Vanderbilt introduces the Cohort of Interfaith Fellows

Leaders of religious groups across campus are engaging in conversation to enact changes in interfaith cooperation on campus.

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Alex Venero

Alumni Hall, photographed on August 28, 2020. (Hustler Multimedia/Alex Venero)

Hilly Yehoshua

The 2020-2021 school year has brought many new changes, including Vanderbilt’s first Cohort of Interfaith Fellows, a yearlong fellowship encouraging engagement across lines of difference. 

This fellowship, sponsored by the Office of Inclusive Excellence (OIE) and the Office of Religious Life (ORL), brings together six leaders of religious life at Vanderbilt undergraduate and graduate school to discuss issues of peace, justice, religion and how to engage with people of diverse identities and backgrounds. 

Leaders of religious groups on campus were selected as fellows and will meet virtually every week throughout the school year, according to Rev. Gretchen Person. Megan Cammack, working with the Office of University Chaplain and Religious Life (OUCRL) at the Divinity School, and Alon Sugarman, president of the Jewish Law Student Association, are the two graduate students in the Cohort. Hanan Fakhruddin, president of the Muslim Student Association, Demiana Fraga, president of the Orthodox Christian Fellowship, Sreekar Miriyala, vice president of Vandy Karma and Lena Robertson, president of the Secular Student Alliance, make up the undergraduate group.

The fellowship is a product of Chaplain Christopher Donald and Person’s longtime vision. Currently, the interfaith council has “dialogue dinners” which are discussions on experience, faith, sexuality and background. 

Donald said he hopes that this program will take these one time conversations and bring people together to sustain them over time.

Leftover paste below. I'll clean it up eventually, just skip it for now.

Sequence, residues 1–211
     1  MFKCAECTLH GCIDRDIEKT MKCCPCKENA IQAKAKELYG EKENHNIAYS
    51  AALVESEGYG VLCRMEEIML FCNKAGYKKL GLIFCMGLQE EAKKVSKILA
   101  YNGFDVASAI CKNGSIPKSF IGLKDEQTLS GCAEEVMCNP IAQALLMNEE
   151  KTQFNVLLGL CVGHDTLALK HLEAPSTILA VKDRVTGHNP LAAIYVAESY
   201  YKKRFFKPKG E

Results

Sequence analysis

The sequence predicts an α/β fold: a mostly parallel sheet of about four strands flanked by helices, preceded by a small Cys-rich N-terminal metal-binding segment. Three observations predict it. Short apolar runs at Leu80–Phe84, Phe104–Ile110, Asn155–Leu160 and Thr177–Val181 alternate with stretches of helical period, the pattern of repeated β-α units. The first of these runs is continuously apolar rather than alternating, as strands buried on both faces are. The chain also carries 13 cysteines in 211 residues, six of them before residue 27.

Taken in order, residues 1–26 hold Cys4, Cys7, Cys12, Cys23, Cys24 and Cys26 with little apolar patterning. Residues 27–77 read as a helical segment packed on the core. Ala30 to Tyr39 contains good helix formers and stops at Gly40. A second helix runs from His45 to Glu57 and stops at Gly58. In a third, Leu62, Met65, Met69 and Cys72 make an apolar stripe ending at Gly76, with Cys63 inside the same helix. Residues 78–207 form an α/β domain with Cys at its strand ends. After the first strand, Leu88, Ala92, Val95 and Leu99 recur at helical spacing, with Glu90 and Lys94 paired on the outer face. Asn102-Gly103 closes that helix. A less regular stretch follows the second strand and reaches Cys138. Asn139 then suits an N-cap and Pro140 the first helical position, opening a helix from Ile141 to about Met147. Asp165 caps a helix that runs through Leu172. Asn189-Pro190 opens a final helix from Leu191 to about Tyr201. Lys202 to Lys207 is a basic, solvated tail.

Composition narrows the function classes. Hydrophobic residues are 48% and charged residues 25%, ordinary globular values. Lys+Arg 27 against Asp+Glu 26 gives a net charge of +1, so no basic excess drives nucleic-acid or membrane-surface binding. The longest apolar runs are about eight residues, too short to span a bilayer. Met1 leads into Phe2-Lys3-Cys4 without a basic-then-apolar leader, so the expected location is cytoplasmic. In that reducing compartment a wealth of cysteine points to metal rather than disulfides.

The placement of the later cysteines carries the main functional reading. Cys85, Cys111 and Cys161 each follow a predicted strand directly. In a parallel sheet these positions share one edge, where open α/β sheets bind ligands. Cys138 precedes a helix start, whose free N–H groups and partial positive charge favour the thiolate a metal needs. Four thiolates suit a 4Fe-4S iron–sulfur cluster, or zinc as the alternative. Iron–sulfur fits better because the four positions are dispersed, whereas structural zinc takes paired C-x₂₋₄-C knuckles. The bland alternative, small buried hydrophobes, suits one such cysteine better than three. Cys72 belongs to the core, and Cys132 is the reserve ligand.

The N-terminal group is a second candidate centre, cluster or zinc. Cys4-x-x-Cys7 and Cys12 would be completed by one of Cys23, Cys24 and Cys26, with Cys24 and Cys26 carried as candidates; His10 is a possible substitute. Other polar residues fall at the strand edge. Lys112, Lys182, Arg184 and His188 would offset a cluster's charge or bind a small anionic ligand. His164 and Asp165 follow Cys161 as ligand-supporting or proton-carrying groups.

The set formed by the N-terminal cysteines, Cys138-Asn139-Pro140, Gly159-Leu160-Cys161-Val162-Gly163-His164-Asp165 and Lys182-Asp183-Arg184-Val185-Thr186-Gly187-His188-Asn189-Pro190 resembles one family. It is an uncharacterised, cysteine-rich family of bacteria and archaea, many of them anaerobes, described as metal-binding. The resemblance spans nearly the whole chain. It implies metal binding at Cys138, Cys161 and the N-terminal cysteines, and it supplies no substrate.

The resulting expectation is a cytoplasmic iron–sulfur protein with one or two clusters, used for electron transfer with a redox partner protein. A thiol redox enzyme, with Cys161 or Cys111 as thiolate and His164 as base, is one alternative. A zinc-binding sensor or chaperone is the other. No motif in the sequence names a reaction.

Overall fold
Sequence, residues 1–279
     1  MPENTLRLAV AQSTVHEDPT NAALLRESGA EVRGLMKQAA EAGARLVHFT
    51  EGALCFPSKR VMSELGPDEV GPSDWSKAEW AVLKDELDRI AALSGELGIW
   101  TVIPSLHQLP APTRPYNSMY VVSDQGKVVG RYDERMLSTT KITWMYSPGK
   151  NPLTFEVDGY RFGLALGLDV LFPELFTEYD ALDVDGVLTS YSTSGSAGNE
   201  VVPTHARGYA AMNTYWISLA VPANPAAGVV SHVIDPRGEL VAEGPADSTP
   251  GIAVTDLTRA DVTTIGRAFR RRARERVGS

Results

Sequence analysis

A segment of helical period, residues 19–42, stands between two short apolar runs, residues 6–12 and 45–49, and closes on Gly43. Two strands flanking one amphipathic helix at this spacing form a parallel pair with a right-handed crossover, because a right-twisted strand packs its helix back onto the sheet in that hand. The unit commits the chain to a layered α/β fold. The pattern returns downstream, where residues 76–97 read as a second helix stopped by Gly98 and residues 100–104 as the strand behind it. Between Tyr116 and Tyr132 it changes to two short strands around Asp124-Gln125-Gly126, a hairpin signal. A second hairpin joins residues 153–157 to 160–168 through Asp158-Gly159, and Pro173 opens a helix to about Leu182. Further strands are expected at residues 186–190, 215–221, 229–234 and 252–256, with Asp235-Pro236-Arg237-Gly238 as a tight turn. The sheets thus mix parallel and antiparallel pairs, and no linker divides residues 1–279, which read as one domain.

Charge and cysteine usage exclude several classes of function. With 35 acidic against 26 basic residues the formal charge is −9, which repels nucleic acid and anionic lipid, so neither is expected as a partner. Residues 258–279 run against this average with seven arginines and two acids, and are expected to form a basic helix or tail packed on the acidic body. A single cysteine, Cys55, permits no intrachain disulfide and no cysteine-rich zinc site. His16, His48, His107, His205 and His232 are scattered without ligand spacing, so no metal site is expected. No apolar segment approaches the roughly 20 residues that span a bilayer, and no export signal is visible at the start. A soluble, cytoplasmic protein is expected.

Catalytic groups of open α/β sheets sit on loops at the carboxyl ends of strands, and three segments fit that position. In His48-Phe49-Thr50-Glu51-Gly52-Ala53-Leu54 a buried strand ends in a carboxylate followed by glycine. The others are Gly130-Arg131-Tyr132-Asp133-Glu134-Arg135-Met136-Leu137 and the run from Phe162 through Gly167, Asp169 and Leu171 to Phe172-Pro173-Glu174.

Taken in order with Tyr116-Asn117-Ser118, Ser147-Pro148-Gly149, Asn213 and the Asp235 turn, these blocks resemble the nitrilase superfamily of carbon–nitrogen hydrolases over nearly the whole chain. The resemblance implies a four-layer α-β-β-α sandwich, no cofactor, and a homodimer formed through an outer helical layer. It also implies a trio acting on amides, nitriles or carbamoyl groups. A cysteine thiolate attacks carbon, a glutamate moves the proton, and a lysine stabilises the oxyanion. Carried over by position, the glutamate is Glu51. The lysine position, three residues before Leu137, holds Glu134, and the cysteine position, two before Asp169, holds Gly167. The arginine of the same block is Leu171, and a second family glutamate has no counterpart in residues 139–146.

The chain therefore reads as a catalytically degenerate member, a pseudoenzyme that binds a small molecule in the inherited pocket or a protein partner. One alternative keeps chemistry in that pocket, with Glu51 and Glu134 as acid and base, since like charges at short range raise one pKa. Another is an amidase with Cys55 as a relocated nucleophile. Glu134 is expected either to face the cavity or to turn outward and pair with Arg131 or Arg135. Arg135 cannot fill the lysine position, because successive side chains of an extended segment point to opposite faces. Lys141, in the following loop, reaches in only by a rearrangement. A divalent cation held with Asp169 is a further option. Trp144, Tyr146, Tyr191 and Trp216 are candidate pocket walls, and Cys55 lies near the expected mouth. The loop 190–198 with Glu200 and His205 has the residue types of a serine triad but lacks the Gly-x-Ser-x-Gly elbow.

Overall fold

“These fellows will leave as leaders who can find points of commonality with people of different faiths and backgrounds, while acting as bridge builders that carry conversations and can disagree in a friendly, civil manner,” Donald said.

Four undergraduate and two graduate students are following a curriculum created by the founder of the Interfaith Youth Core, Eboo Patel, on the idea that religion should facilitate cooperation rather than be a barrier of division. Person said that the Cohort will meet weekly over Zoom to discuss these modules and in the spring, develop their own projects that enact these interfaith ideals within the Vanderbilt and Nashville communities. These fellows will also have speakers who are “interfaith leaders” in the real world serve as guest speakers. 

“I want the term interfaith leader to be as commonly accepted as human rights leader and civil rights activist and to become a title for those who merge boundaries across faiths,” Donald said. 

One story Person read highlighted the importance of interfaith communication in modern medicine. In the story, Person said that a monk family sought out medical treatment for one of their children, and their beliefs conflicted with those of doctors and modern medicine. Instead of communicating and understanding each other’s viewpoints, the police were involved, and the interaction became complicated. 

“My hope is that students who graduate from this fellowship will carry out conversations among different faiths into the real world and minimize avoidable confrontations like these,” Person said. 

In the long term, Person and Donald said they hope Vanderbilt will be a leader among universities in creating an interfaith certificate that acts as a major or minor—a specialized program of study. Donald is also looking to create a virtual reality set that students can use to observe worship through alternate means.

 “Diversity is a fact,” Person said. “We want students to choose to engage versus not engage.”